Yes, yours truly has finally took his spare time to go out and see the film that everyone has been touting "the best of the year." Talk like that is a great amount of hype for this film, what with The Dark Knight long being the film that kept that crown. I certainly thought it completely neccessary to see this film, not least because of the attention that it has been receiving, but because I am a big fan of Danny Boyle as a film-maker. In my opinion, he is the modern day Kubrick, with an impressive range of films spanning different topic matter, and he is most certainly Britain's best current film-maker. So here is Slumdog Millionaire, his new picture, which has been a huge success, rather ironic considering at one point the film was rumoured to be heading straight-to-dvd. Okay, if you don't know the story already, it is the ultimate underdog story, Jamal, a young man from the slums of India, gets the opportunity to be a contestant on the Indian version of Who Want To Be A Millionaire, and gets to the final question, but is arrested under suspicion of cheating. Now, the film uses the dramatic technique of flashback to tell us the story as to how Jamal came to know the answers to each of the specific questions. This is a very risky way of creating a film, because either it will work out very well or just turn out to disconnect the audience from the emotion of the overall piece. Personally, I think that the techinque is pulled off well enough. The direction is rather precise and well balanced in that sense, for it seems rather seamless in the way this technique is pulled off. Each of the scenes end at the appropriate moment, and the infrequent change in time does not seem to interrupt in the unveiling of the story. This is Danny Boyle once again pulling off a good job as a film-maker, proving himself once again as a great film-maker. Also, it must be acknowledged that he has collaborated well with cinematographer Anthony Dod Mantle, whose signature digital camera style previously seen in Boyles' 28 Days Later and Millions works well and is appropriate for the film, particularly in the scenes set in the Dhavri slums. Also, a lot of word has been spread regarding the performance of the relatively unknown lead Dev Patel, most famous for his work in Channel 4's Skins. Patel gives a very mature and understated performance for a young man of his age, only a year older than myself. His portrayal of Jamal is not just some schmuck in love, but he comes across as genuinely likeable in his performance. However, despite his great performance, I personally feel that the contributions of the young child actors involved in a great amount of the film deserve to be acknowledged. The majority of the children in these scenes are actually from Dhavri slums, and their naturalistic performances help lend an authenticity to the film, which is hard to find, considering the rather fableistic Pan's Labrinyth-esque approach of telling the story. Also, a number of people have criticised the music in the film. I do not share this negative criticism, and I believe that the soundtrack/score kept a great degree of the emotion of the story while feeling distinctly Indian from the stereotypical outsider's perspective. From what has been read so far, it would be easy to assume that what we have on our hand's is another Thin White Dude certified masterpiece. While I certainly enjoyed the film for it's admirable qualities and merits (of which there are many), there are a number of key issues which keep me from painting it with that brush. For starters, personally, I feel that while the story is certainly well told, and yes, it is a feel-good film and there is only so much that they can do, I felt that the story was at times too schmaltzy, and dare I say, predictable, even whenever it clearly wasn't meant to be predictable. I mean let's face it, you must be an idiot if you don't know the ending going in. I don't mean to be devil's advocate here and I hope to god I haven't broken my cardinal sin (don't spoil movies), but it is obvious. In the other scenes, we do have a feeling of what is going to happen, and for me it just felt like it was covered nice fluffy feathers to make me feel that this is original. Also, and this has made me cross, and maybe it's just me being emotionally dry or something, I felt that while the film certainly is gripping, by no means at any real stage did I develop any great emotional attachment to the film. Like I said, gripping story, but it is certainly for me not what it was hyped up to be. For a change I am actually lost for words with regards to the reason for this. Perhaps it was the constant change of actors, I really don't know. I am not going to make excuses for my emotions, all I know is that I certainly wasn't feeling much emotionally here. Most certainly for me, Slumdog Millionaire is a very good film with many admirable qualities to see, and I can see why many people will and do enjoy this film, but I really did not feel emotionally connected to the material onscreen and thus the film I do not feel is deserving enough to be called a masterpiece by my standards.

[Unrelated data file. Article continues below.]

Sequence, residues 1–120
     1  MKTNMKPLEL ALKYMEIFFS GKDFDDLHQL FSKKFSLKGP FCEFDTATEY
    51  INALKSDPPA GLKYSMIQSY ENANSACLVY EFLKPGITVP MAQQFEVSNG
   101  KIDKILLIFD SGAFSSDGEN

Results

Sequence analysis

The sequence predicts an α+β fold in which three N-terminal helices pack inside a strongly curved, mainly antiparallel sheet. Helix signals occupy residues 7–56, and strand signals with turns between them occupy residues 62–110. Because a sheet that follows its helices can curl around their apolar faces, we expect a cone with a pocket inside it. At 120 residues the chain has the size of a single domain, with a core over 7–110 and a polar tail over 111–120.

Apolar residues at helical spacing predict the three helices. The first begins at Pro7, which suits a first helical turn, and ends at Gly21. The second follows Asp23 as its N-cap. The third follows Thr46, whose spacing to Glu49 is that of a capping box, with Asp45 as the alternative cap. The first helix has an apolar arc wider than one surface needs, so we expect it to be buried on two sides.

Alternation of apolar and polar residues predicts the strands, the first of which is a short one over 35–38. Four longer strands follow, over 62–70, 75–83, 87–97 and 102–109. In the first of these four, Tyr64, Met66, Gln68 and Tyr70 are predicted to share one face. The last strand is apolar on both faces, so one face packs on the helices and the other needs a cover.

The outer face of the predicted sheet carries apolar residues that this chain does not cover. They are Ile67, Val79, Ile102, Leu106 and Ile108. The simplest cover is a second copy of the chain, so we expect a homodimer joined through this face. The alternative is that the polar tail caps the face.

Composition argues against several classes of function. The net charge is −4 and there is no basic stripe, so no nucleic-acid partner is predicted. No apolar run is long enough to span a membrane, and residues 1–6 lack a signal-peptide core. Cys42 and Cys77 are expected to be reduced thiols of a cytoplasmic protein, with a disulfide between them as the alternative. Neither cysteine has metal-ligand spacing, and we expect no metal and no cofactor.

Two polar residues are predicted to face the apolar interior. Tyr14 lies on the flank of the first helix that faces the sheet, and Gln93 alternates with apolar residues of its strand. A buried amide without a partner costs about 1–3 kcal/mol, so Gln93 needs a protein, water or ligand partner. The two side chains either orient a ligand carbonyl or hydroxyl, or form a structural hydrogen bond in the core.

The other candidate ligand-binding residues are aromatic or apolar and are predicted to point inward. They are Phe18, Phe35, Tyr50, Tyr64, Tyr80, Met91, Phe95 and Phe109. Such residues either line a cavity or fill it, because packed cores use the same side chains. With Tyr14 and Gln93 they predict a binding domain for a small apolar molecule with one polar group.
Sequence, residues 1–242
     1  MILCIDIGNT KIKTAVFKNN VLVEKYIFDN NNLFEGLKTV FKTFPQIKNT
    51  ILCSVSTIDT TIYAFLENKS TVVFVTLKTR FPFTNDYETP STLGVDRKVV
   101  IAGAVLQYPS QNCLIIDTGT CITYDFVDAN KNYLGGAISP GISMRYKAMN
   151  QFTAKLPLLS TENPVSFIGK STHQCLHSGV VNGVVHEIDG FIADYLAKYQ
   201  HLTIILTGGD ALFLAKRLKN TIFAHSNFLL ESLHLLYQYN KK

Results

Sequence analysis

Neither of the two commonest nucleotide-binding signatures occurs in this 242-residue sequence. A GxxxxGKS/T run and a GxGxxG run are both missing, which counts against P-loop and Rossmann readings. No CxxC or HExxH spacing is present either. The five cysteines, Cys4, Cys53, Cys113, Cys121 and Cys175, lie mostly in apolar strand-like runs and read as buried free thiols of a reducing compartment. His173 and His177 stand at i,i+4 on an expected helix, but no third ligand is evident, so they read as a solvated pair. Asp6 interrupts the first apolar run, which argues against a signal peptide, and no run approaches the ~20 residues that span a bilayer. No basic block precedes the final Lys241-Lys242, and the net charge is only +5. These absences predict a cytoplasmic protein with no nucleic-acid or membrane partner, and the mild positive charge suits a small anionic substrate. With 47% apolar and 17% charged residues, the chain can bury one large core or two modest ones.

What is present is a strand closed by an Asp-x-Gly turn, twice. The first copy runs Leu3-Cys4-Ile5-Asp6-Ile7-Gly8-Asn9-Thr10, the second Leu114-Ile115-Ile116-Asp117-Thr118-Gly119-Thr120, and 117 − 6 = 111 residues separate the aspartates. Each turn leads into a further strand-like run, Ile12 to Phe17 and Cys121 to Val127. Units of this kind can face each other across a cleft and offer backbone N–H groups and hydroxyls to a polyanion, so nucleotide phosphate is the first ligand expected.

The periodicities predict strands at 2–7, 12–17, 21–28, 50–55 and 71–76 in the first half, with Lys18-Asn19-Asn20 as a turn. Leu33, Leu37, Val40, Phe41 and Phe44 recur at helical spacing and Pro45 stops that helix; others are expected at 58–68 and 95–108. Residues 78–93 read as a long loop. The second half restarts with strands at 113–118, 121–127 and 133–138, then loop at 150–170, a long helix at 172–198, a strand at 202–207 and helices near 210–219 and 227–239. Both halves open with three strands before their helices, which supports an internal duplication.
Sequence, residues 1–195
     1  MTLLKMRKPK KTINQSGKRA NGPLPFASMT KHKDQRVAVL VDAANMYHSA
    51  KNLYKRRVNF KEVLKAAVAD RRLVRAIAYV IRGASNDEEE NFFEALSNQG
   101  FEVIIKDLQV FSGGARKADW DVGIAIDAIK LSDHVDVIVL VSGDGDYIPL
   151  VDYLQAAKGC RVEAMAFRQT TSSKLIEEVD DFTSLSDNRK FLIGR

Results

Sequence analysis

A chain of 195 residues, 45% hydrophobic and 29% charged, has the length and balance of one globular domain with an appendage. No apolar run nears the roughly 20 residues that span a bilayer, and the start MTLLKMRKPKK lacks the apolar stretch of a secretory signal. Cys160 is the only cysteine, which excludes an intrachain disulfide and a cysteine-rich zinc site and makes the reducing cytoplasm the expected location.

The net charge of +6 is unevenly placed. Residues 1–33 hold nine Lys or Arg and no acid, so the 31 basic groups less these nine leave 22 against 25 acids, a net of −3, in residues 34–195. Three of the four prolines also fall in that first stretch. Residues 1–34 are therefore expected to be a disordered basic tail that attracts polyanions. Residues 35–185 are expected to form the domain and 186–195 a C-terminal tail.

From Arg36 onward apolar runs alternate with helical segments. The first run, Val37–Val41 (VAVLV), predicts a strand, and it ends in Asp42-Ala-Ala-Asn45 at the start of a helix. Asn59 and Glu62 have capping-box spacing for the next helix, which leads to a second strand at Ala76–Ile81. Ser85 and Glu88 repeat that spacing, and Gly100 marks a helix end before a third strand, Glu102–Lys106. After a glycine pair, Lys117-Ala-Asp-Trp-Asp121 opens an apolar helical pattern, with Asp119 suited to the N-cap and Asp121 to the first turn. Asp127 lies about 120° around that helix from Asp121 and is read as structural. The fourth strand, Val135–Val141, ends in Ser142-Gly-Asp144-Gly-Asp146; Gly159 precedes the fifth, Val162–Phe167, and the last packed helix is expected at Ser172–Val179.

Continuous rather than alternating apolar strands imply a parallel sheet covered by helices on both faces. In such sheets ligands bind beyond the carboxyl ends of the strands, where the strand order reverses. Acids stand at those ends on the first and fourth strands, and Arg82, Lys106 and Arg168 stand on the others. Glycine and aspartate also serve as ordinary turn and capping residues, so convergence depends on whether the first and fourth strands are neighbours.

The Thin White Dude's Prognosis - 8.1/10